Tag: pizza

A few thoughts about peoplewatching

Thank you for the book suggestions! I appreciate them all. As luck would have it, I’m not picking out books today, but I’m thinking of them as I write. Thinking of them a lot because I’m spending the afternoon in a library. Not mine, not the one of old chairs and old wooden bookcases and books I held as a child, but that’s okay. This one is also full of books, which really is the important part, is it not?

The thing about libraries is that they are quiet and full of books, but they’re also full of people, which makes it hard for me to work. People are rather fascinating, and sometimes hard to ignore, unless, of course, they’re members of my family, in which case I can tune them out like turning down the volume on a radio. Which isn’t, perhaps, something I should admit in public.

But about all those other people…the thing about them is that even when they are quiet, they are expressive. Even when they are still and intent and completely wrapped up in matters of consequence, they give parts of themselves away. Tapping, frowning, smiling, biting on nails (or fingers, apparently), how they sit (legs crossed, feet flat on the floor, chair legs pushed up a little…), how often and when they glance out the window…the list is endless. Our stories trickle out of us everywhere, in so many ways.

If you were watching me, for example, you would notice that I keep rubbing the inside of my ring finger with my thumb. If you were Sherlock Holmes, you might conclude that I’d recently been divorced, or was carrying on a torrid affair with someone who thought me unmarried.

The true, and more prosaic, explanation, is that I made pizza dough this morning in order to let it do a slow rise in the fridge, and I took my wedding band off and set it on top of the baking powder tin so that I wouldn’t get it covered with dough. Significantly less thrilling, but there you have it.

If you write, or daydream, all these little things–motion, emotion, dress, location, scent, habit–all these things are tiny little doorways that you can’t help but want to enter. Does the scowling woman scowl because she is unhappy, or because she is unfriendly, or does her mouth like to go that way and she would smile, fully, warmly, if I were to speak to her? Does the man rubbing his beard find it itchy, and wish that the weather would warm up so he could shave it off without fear of a chilly chin, or did his father have a big beard, and he used to rub it when he was small and frightened in the night, and touching his own beard takes him back to that place of feeling safe and loved?

It is rather distracting. It’s exactly why I don’t tend to write in public spaces–too rich, too full, too hard to stick to my own little universe. This is the sort of thing that happens when I do. There must be a solution, somewhere. Blinders, possibly? Portable cubicles? Aversion therapy?

Let me know if you find an answer. I’ll be your first customer.

Things to do when people are in your basement, tearing apart your heating system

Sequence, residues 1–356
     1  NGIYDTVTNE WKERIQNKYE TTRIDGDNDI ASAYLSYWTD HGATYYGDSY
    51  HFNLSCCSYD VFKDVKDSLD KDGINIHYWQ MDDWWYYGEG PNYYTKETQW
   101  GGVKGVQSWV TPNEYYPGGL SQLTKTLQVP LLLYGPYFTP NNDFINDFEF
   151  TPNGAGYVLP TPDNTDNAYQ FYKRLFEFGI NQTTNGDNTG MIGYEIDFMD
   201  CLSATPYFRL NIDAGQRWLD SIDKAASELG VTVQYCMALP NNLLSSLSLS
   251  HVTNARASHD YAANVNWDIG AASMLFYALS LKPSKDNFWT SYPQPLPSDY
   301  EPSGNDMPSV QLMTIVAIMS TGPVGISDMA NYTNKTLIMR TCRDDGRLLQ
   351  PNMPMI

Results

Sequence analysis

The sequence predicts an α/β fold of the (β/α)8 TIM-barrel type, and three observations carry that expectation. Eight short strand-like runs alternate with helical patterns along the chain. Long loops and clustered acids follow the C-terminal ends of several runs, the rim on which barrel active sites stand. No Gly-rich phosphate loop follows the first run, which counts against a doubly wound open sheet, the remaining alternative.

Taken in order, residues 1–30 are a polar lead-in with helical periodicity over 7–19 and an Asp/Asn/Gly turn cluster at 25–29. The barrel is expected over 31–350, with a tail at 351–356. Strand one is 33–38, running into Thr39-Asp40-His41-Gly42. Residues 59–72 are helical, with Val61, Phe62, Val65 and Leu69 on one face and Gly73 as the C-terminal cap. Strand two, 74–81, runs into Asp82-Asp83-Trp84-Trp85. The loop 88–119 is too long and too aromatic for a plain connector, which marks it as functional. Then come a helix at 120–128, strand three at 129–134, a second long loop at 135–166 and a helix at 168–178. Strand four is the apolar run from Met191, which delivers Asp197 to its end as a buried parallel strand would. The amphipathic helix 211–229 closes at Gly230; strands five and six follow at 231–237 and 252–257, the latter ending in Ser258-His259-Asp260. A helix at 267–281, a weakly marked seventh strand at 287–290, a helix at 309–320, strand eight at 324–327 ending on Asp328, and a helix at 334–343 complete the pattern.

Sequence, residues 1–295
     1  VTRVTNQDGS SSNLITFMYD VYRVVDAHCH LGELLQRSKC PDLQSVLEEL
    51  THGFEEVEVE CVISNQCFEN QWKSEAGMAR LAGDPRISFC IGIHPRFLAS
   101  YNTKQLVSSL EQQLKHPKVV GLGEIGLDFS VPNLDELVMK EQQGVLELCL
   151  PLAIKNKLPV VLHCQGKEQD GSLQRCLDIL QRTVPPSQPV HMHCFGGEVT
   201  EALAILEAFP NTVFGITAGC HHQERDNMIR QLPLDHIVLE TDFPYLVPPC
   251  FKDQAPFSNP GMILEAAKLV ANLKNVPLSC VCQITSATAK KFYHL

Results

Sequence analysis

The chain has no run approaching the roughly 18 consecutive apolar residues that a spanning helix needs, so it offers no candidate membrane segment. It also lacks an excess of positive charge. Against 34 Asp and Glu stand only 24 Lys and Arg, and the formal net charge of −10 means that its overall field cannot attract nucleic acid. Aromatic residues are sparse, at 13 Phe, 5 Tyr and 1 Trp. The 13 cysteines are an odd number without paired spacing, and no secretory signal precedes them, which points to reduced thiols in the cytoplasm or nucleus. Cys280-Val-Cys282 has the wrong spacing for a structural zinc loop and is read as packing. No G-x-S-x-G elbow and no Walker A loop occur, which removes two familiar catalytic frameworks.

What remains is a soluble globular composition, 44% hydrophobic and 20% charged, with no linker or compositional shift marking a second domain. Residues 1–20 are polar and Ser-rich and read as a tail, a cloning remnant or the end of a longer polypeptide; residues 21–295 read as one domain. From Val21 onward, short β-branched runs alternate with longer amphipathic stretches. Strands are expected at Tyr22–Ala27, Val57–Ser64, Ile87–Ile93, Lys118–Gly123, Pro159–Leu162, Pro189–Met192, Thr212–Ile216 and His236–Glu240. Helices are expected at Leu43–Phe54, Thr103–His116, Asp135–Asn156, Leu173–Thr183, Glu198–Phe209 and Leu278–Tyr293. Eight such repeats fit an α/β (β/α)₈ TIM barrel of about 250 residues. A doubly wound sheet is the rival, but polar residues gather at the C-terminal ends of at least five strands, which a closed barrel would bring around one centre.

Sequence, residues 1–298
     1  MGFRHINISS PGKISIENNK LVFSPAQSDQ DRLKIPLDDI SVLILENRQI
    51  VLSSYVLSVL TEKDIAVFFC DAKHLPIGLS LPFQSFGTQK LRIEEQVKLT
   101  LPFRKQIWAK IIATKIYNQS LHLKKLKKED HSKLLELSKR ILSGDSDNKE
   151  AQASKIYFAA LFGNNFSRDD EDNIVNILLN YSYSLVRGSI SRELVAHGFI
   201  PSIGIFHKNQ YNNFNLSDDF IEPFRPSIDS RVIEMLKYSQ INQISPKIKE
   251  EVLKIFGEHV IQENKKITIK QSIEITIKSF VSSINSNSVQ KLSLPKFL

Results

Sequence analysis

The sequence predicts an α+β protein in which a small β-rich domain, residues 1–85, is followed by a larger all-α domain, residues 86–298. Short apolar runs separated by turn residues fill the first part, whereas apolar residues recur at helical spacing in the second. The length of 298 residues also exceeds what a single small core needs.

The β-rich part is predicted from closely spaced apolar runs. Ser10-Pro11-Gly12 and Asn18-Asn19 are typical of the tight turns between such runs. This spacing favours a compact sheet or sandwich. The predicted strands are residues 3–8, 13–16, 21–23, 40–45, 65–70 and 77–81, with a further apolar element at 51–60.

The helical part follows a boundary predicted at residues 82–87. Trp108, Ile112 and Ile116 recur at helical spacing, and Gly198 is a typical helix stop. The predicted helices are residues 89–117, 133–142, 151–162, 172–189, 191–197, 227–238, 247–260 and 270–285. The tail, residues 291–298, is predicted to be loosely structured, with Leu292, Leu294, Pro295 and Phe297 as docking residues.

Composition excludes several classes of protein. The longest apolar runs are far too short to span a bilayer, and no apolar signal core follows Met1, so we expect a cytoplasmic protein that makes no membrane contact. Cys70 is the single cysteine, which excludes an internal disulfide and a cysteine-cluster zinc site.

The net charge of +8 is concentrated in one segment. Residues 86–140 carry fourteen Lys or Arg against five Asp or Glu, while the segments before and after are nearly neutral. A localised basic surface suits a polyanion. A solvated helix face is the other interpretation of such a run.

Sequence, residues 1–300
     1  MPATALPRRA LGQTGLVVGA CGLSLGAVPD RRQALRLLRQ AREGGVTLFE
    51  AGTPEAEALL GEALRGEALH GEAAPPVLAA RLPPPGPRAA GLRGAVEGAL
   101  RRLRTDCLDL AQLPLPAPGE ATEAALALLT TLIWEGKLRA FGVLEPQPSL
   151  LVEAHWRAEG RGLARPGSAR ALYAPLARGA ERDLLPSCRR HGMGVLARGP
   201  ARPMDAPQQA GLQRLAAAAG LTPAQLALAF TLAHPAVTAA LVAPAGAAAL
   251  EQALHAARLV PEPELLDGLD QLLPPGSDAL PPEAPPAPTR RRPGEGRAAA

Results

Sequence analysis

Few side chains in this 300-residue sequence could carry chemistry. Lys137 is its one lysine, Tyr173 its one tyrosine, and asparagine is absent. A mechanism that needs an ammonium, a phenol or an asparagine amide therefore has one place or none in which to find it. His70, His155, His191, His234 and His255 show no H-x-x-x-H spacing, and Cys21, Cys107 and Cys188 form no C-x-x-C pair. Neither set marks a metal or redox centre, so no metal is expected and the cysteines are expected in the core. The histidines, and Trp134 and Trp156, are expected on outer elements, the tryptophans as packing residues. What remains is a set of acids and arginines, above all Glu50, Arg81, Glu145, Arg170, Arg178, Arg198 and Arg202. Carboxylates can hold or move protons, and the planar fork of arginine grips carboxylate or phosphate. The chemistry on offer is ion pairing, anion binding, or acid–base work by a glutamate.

1. Make pizza sauce. From scratch. From a pile of tomatoes. Because it makes you feel useful. And focused. And normal, in a way that a slightly feral, overly imaginative, often anxious homeschooling mother might not feel when strangers are looking in.

2. Make bread. Why? See above.

3. Try not to listen to the sounds of blow torches and draining pipes and clanging metal and occasional loud voices. Definitely try to not imagine a disaster down there.

4. Tell the dog everything is just fine when she sees a unfamiliar truck parked in the backyard and barks. And barks. And barks. Watch the dog go back to sleep.

5. Drink tea that went cold while doing steps 1-4.

6. Remember you are a writer. Realize that you don’t have to be here, that you have a teenage girl named Blue at a bus stop waiting for you. She’s been waiting for a day or two, and you’re the only one who can get her out of there. She doesn’t care about the hot smell of the newly welded pipes, or the thud of something very heavy falling to the floor. She just wants to get on that bus, the one you have to send her way, so she can find her sister.

7. Write.

Brief thoughts on pizza and writing

Friday nights we have pizza for dinner. In our house, pizza night means making a yeast dough from scratch, and either using sauce I made with fresh tomatoes over the summer, or starting with a can of crushed tomatoes. Either way, it’s a process. It works well for us. I’ve done it for enough years that it takes little thought on my part, and everyone enjoys the end product.

But it’s not the right approach for lots of people looking for pizza on a Friday night. That’s totally fine with me. I don’t judge people who don’t make their pizzas from scratch. I don’t think my homemade pizza is inherently superior to any other pizza out there. In the end, I do it because I take pleasure in the experience, and my family does as well.

My philosophy about writing is more or less the same. Learn what works for you and do it. It doesn’t make it the right way for everyone. It also doesn’t make it wrong if other writers don’t work the same way. Our minds are weird creations. They are full of trapdoors, and secret passages, and staircases leading nowhere. The trick is not to learn to rebuild your mind to look like someone else’s, but to learn to navigate yours in all its chaotic glory.